‘Celebration of life’ service set for coach Ken Burmeister

A ‘celebration of life’ service for Ken Burmeister is scheduled for May 17 at the Community Bible Church. The service will start at 10 a.m. at CBC, located at 2477 Loop 1604 East.

Ken Burmeister. The Incarnate Word men's basketball team opened the season with an 87-71 victory over Southwestern on Friday night. (Joe Alexander / theJBreplay.com)

Ken Burmeister helped raise the profile of college basketball in San Antonio with coaching stints at UTSA, Trinity and Incarnate Word. — Photo, The JB Replay

“It should be a morning of love and laughter,” Brenda Burmeister, the coach’s widow, said in a text.

Burmeister, a fixture in the San Antonio basketball community, died at age 72 last May after a bout with cancer. The family didn’t have a funeral for him last year because of the pandemic.

In San Antonio, Burmeister coached at UTSA, Trinity University and at the University of the Incarnate Word.

At UTSA, the Roadrunners won the Trans America Athletic Conference postseason title en route to their first NCAA tournament in 1988. It was transformative moment for the program, which was in only its seventh season.

He also helped elevate college basketball in the city by participating in the “Mayor’s Challenge Cup” games against St. Mary’s University.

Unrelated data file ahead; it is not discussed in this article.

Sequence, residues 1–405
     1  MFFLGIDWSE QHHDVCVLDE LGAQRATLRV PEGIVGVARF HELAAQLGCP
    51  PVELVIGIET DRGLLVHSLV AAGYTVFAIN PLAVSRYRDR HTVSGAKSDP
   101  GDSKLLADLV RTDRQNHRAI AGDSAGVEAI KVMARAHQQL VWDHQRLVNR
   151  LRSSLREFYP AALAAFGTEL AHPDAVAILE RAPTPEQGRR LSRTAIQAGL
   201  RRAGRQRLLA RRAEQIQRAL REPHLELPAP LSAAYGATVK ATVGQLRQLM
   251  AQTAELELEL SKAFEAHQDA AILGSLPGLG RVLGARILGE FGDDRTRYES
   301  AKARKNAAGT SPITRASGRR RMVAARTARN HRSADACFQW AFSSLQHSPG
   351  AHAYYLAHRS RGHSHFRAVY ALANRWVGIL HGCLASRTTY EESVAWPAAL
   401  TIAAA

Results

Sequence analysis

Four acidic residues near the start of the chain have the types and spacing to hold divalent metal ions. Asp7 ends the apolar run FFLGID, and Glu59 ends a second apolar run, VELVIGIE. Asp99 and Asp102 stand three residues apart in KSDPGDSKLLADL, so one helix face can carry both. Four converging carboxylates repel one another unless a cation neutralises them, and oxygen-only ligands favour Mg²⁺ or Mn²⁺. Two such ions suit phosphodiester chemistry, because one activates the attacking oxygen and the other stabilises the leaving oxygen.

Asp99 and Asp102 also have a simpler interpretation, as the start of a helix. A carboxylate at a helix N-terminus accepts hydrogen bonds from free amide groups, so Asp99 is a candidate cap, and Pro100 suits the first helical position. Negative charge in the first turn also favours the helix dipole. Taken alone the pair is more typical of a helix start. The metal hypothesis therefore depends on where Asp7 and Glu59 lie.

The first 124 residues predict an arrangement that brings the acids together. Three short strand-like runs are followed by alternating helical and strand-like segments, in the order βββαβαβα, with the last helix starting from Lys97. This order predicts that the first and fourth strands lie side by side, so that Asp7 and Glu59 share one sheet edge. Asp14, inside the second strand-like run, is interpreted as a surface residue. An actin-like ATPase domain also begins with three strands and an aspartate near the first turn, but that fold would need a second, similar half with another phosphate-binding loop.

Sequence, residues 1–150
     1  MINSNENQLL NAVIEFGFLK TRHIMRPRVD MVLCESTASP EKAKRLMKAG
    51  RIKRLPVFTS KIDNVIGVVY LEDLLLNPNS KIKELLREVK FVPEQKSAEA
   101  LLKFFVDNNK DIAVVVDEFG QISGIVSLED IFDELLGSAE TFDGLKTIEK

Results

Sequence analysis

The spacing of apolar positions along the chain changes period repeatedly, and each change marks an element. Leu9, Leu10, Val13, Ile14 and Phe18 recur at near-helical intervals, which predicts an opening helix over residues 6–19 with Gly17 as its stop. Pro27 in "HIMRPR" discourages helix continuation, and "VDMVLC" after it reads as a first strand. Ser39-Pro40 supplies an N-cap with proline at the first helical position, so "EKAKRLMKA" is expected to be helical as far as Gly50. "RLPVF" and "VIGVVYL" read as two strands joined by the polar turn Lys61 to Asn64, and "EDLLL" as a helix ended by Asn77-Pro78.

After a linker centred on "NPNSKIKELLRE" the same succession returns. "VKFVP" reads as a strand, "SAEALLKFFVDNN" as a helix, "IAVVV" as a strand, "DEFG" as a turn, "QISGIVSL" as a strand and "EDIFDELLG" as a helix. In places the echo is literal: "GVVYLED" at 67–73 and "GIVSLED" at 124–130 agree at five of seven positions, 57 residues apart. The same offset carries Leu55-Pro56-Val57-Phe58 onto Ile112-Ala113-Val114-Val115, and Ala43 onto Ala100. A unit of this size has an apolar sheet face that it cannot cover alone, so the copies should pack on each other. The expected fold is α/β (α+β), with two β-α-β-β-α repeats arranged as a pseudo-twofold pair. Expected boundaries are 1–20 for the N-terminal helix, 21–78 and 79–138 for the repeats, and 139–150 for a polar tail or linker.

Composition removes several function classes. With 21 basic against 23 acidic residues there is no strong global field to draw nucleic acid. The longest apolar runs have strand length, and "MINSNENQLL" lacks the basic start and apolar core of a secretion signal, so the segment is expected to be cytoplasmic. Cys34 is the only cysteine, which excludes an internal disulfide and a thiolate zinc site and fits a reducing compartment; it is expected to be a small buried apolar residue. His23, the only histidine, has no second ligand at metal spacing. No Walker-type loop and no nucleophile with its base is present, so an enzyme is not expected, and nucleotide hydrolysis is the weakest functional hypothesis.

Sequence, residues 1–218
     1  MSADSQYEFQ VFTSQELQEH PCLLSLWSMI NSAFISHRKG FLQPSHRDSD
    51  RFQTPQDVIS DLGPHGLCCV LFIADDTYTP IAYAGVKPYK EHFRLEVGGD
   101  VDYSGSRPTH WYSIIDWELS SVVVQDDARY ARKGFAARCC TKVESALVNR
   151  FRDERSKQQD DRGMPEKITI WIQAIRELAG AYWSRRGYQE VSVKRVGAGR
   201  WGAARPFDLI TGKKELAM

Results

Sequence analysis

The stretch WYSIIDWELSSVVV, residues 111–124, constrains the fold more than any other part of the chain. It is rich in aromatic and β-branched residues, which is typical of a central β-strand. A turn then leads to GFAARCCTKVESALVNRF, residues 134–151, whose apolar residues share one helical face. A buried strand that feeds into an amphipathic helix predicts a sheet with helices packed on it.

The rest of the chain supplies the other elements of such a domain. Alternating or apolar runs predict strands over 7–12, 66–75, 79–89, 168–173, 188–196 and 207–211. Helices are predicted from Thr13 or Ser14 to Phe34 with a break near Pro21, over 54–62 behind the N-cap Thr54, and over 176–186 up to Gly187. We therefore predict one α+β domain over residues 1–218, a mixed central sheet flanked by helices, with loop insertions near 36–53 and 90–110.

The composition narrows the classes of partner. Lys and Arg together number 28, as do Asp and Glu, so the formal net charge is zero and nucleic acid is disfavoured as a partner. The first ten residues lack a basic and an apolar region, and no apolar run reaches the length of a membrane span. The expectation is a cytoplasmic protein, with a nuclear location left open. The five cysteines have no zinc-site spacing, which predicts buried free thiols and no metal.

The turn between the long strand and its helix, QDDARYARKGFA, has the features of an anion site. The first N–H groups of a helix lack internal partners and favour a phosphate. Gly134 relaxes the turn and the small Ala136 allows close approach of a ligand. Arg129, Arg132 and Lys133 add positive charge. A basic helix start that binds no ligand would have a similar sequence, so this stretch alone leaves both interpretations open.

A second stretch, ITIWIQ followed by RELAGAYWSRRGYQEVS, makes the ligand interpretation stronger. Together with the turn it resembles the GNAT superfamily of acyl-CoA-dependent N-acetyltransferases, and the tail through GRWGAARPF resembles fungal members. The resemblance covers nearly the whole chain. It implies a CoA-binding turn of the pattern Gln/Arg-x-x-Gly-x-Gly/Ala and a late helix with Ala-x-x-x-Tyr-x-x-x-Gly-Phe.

The UTSA-St. Mary’s games were held annually downtown at HemisFair Arena against the Rattlers, who were coached at the time by Burmeister’s friend, the legendary Buddy Meyer.

San Antonio won national recognition again in 1989 when Meyer and the Rattlers captured the NAIA championship in Kansas City.

Years later, Burmeister got a second chance on his coaching career. After departing a job at Division I Loyola-Chicago in 1998, he was hired the next season at Division III Trinity, and he spent one season with the Tigers.

In 2006, he took a job as the head coach at the University of the Incarnate Word. Burmeister responded by leading the Cardinals through a transition from Division II into Division I, winning games at Princeton, Nebraska and St. John’s along the way.